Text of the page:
Friday, April 01, 2005I've had a terribly long day. I've driven a few hundred miles, stomping through rural Alabama just to have some people sign some papers. I'm tired. I've been up since six a.m., and it's now early Friday morning. I want to be in bed, sound asleep listening to the rain pound the pavement outside my window.
I can't sleep. Not yet. I am simply too angry. I am still livid. I first heard of Terri Schiavo's death on the Glen Beck show this morning, sitting in my car. I was putting cream cheese on a bagel from Panera Bread Company. My coffee was starting to cool. It was rainy and grey and I was hungry.
Terri Schiavo was hungry. For two whole weeks. I've had a lot happen in my life since Terri's feeding tube was removed. I had friends coming into town that fateful afternoon, and my rooommate and his girlfriend and I were cleaning the apartment like crazy. The past two weeks have been a blur for me, but not for the Schindlers. In all I've done since that day, Terri's family has had to watch her starve to death. Time only flies when you're having fun. For the Schindlers and their loved ones, time has been, to paraphrase William Carlos Williams, a storm in which they have been lost for the last fifteen years.
I'm angry not just because the media blew it. Not just because these smart aleck namby-pampy know-it-alls at ABC, CNN, NBC, PBS, NPR or whatever acronym you can create decided that playing cute political games with the Republicans was more important than telling the ever-loving truth. It was more fun for Judy Woodruff to take a cheap shot at Jeb or George Bush than it was to tell the whole world that a bone scan revealed that Terri had multiple fractures throughout her body, while her loving husband blamed a therapist but never called for an investigation. I'm angry because some commentators are too cynical to understand that maybe, just once, other pundits really did care about Terri Schiavo. I'm angry because normally reasonable people cared nothing about the facts in the case. I'm angry because the polls were crooked, and since the media was lying through their rotten teeth, the public is still clueless about what really happened down in Florida. I'm angry because a suggestion that Christian political leaders like Jeb Bush owed something to a higher law were met with scoffing. I'm angry that we have come to worship at the alter of the judiciary, unquestioning anything said from a man or woman in a black robe. It's like a bad Lord of the Rings nightmare.
And I'm really, really, really angry that the best we could do - we who supported Terri's right to life and food and water and some blessed due process in our oh-so hallowed courts - was to send up Randall Terry and Jesse Jackson to defend her poor family. Every right-wing Christian leader in America, Catholic and Protestant, has used this tragedy as an opportunity to rail about a runaway judiciary and the perverted worldview that has affected our culture. Rightfully so, but where we these people? I may think them loons in every other aspect of their lives, but God bless Randall Terry and Jesse Jackson. Whatever faults we may find with these men, and Lord knows it may take a while to list them all out, at least they had the courage to step up to the plate. My prayers are with Jerry Falwell right now, but where was James Dobson? Where were Richard Land and Al Mohler and every other leader of the Southern Baptist Convention? I've been to the Southern Baptist Convention a number of times. I know what goes on, and I've applauded, and will continue to applaud the call to a Christian presence in our culture. Euthanasia has been decried at ever SBC meeting for twenty years. It will be mentioned again this summer, likely with Terri Schavio's name, but not one SBC leader could leave their office for a day or two and stand up for this woman. But I'm sure you'll all hear about it on Sunday. What about Richard John Neuhaus or John Piper or Ravi Zacharias? Where were the Catholic bishops who threatened to deny Communion to John Kerry? This is shameful. The Christian Right is ridiculed in the mainstream press, and while Terri's Fight is about more than PR, we should be embarrassed that we abandoned the Schindler family to be consoled by two of the more polarizing figures in American politics. Ralph Nader took the time to issue two press releases, but we can't find one - not one! - respectable and noted Christian leader to go stand with the Schindler family and say "we support you"? Shame on us!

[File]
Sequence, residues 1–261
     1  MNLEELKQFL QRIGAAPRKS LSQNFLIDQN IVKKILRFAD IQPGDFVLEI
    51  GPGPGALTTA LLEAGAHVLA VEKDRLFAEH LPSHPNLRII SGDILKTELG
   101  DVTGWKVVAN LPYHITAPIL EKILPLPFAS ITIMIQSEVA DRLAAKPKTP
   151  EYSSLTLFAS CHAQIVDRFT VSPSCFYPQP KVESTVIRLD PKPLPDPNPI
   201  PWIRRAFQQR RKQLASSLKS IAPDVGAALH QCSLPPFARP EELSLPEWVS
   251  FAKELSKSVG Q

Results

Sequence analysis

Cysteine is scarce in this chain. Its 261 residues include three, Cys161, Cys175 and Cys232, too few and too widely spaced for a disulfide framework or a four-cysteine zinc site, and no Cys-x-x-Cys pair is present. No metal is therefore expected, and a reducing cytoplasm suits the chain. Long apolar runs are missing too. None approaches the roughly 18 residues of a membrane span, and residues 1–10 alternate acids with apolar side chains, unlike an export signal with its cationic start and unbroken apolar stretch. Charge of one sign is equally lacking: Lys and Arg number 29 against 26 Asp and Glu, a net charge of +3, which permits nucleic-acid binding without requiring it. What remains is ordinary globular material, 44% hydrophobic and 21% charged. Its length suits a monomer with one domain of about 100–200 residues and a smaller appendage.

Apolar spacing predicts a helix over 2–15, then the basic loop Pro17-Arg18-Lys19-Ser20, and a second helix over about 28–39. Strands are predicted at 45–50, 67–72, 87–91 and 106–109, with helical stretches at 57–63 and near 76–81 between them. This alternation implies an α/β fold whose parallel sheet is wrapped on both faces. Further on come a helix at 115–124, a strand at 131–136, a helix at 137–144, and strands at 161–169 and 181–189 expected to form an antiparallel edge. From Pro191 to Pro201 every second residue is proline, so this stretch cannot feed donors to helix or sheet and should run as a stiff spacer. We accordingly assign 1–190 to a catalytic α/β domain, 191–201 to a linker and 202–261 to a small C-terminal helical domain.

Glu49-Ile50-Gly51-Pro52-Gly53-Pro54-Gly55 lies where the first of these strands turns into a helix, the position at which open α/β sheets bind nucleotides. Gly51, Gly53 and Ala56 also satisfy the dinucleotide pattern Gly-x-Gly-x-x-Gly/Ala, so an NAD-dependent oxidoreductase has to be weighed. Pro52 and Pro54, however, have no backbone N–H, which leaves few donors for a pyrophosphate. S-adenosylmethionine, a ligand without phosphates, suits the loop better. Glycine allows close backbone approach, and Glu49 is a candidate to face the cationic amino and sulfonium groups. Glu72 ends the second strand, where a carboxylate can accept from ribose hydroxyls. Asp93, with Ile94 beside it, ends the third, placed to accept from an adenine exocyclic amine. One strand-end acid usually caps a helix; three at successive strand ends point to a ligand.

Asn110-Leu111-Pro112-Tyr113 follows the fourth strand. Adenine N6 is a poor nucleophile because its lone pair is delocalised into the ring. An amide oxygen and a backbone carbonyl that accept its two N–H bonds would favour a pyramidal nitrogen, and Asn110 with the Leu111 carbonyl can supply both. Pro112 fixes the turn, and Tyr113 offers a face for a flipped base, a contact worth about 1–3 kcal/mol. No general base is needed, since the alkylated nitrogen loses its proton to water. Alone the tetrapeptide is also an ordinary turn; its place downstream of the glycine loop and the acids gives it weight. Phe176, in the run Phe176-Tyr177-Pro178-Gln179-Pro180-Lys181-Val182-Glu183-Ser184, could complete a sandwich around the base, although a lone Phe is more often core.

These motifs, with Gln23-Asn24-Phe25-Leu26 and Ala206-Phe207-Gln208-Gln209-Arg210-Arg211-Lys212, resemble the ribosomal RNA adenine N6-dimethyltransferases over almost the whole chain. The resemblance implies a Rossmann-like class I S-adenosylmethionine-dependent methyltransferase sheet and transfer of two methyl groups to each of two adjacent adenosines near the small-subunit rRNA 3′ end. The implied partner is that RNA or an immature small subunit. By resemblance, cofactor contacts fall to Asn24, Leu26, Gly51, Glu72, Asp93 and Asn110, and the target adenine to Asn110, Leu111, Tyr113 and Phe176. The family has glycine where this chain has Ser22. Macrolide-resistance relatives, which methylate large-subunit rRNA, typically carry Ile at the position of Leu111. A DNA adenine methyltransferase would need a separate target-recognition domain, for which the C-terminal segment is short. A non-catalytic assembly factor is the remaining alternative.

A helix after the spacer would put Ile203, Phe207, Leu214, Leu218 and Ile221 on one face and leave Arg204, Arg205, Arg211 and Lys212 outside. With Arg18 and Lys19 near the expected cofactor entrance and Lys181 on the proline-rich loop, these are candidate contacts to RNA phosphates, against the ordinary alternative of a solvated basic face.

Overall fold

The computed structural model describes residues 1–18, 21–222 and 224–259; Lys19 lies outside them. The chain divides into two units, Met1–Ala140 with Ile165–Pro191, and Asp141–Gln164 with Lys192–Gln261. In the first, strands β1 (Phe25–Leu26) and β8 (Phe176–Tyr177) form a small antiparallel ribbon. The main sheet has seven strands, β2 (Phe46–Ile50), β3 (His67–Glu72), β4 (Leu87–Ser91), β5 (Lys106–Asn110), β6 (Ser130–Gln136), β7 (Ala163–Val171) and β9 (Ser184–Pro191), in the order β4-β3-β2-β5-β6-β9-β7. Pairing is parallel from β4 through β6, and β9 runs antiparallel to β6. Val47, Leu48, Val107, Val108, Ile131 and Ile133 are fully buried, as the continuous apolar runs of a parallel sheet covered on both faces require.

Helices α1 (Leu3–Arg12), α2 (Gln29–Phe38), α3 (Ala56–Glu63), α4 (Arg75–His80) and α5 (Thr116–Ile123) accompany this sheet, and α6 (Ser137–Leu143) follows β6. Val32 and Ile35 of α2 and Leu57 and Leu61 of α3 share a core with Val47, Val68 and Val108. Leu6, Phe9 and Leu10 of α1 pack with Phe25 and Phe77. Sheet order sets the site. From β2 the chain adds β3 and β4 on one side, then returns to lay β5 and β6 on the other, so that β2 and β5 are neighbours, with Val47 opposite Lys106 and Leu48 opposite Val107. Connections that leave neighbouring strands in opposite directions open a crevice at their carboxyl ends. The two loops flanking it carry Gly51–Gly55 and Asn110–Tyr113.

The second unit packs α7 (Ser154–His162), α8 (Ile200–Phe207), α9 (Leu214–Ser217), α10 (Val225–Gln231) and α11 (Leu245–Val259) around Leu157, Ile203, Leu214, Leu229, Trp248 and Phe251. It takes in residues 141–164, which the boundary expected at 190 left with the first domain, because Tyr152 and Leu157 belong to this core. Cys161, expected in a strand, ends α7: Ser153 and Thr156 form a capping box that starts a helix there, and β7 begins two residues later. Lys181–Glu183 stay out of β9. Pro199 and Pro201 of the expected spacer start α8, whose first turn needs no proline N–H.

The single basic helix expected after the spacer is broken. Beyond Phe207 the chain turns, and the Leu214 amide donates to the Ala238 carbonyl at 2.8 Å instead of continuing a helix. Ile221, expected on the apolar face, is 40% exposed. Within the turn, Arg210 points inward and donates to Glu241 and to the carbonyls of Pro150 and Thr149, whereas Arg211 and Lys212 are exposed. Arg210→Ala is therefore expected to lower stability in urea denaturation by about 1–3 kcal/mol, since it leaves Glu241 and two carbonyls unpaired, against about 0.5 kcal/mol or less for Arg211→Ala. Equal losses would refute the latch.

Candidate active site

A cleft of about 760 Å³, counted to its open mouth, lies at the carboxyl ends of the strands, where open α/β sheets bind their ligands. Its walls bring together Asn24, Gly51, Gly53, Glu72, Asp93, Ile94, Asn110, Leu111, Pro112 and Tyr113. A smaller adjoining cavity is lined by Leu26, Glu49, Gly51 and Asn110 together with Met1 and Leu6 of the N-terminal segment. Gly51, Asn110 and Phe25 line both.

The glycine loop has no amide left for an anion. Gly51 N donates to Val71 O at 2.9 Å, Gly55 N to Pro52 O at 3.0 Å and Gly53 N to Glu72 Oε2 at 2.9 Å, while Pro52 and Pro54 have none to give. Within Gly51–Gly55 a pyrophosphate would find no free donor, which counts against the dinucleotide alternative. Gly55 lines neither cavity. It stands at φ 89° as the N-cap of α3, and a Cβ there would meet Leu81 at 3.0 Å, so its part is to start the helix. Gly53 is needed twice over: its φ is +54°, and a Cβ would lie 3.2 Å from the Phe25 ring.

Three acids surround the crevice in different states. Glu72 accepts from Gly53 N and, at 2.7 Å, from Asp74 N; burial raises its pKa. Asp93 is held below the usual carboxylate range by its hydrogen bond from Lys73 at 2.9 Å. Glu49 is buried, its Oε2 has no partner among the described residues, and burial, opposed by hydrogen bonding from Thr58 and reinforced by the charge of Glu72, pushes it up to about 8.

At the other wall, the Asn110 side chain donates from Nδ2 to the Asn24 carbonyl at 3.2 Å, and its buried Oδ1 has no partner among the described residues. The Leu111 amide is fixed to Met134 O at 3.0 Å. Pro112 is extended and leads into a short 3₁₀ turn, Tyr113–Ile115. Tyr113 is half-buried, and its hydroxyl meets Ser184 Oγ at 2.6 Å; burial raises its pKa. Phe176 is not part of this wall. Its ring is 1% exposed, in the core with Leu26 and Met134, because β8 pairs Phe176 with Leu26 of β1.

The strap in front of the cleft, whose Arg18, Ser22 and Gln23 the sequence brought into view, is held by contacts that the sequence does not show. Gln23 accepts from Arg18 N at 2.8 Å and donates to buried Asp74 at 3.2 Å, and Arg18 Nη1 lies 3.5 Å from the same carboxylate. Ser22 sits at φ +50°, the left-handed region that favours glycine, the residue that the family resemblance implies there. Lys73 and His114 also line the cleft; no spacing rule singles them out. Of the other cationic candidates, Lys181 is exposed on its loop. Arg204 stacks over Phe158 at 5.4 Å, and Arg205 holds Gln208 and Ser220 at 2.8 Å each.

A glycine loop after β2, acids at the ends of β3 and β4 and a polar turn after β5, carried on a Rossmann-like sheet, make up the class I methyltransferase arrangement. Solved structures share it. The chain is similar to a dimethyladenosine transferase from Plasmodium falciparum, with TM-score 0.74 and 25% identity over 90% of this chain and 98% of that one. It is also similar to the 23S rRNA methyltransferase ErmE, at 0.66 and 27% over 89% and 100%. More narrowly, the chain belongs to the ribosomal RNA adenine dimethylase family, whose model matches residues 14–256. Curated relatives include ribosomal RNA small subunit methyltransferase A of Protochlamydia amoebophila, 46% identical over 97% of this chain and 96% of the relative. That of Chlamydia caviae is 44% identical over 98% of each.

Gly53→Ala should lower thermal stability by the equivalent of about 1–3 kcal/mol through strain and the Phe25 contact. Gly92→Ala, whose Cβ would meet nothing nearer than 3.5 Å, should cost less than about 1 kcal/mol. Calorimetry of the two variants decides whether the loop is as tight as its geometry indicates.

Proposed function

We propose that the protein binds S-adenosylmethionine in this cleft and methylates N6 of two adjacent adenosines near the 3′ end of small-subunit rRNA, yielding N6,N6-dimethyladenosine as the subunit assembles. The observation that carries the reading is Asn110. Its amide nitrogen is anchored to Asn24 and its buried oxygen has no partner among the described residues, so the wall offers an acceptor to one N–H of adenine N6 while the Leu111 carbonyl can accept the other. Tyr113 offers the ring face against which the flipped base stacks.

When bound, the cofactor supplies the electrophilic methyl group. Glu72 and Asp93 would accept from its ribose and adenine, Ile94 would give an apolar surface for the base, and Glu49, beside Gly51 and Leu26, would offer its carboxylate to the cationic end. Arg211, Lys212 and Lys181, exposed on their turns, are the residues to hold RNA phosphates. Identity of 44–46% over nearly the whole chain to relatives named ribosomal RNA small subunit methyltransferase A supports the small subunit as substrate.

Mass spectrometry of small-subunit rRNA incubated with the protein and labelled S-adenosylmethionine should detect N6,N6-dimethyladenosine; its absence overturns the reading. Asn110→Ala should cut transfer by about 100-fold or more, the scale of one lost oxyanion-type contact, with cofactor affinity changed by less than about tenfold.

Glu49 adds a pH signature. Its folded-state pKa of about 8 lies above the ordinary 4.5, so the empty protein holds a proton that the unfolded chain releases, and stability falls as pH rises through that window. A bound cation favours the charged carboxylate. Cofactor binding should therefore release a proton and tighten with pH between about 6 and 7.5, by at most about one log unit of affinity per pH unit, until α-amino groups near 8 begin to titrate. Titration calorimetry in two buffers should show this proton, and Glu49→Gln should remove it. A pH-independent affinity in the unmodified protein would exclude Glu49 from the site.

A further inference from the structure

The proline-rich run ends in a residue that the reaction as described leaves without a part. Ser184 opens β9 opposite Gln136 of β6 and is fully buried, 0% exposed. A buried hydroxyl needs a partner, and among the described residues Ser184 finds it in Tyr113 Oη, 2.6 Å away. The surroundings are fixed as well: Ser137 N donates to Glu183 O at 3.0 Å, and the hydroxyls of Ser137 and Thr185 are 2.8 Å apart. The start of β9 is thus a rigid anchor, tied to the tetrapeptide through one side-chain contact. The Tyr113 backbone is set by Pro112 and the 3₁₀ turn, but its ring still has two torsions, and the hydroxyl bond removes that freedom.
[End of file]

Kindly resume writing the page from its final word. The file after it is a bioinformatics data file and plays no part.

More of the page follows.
We can't be content to show up at the polls every two years or call our Congressman or write out cute blog posts for our friends and family to gawk at. At some point the rubber must meet the road, and we must be willing to demonstrate that we care about these matters in a real, tangible way. A woman was murdered over the last two weeks, and our leaders took a walk.
There was an old Calvin and Hobbes comic strip wherein Calvin ponders the idea of modern, realistic superheroes. Hobbes coolly suggests that the heroes could attend council meetings and write letters to the editor. As Hobbes yells, "Quick! To the bat-fax!," Calvin begins to see the problem. The same is true of us. I rebuke all calls for violence and disorder, but until we are willing - as sane, rational Christians - to stand in the streets and rebuke the Fred Phelps of the world while we rebuke the perverse and maddening culture that starved Terri Schiavo to death, then we can blame no one but ourselves.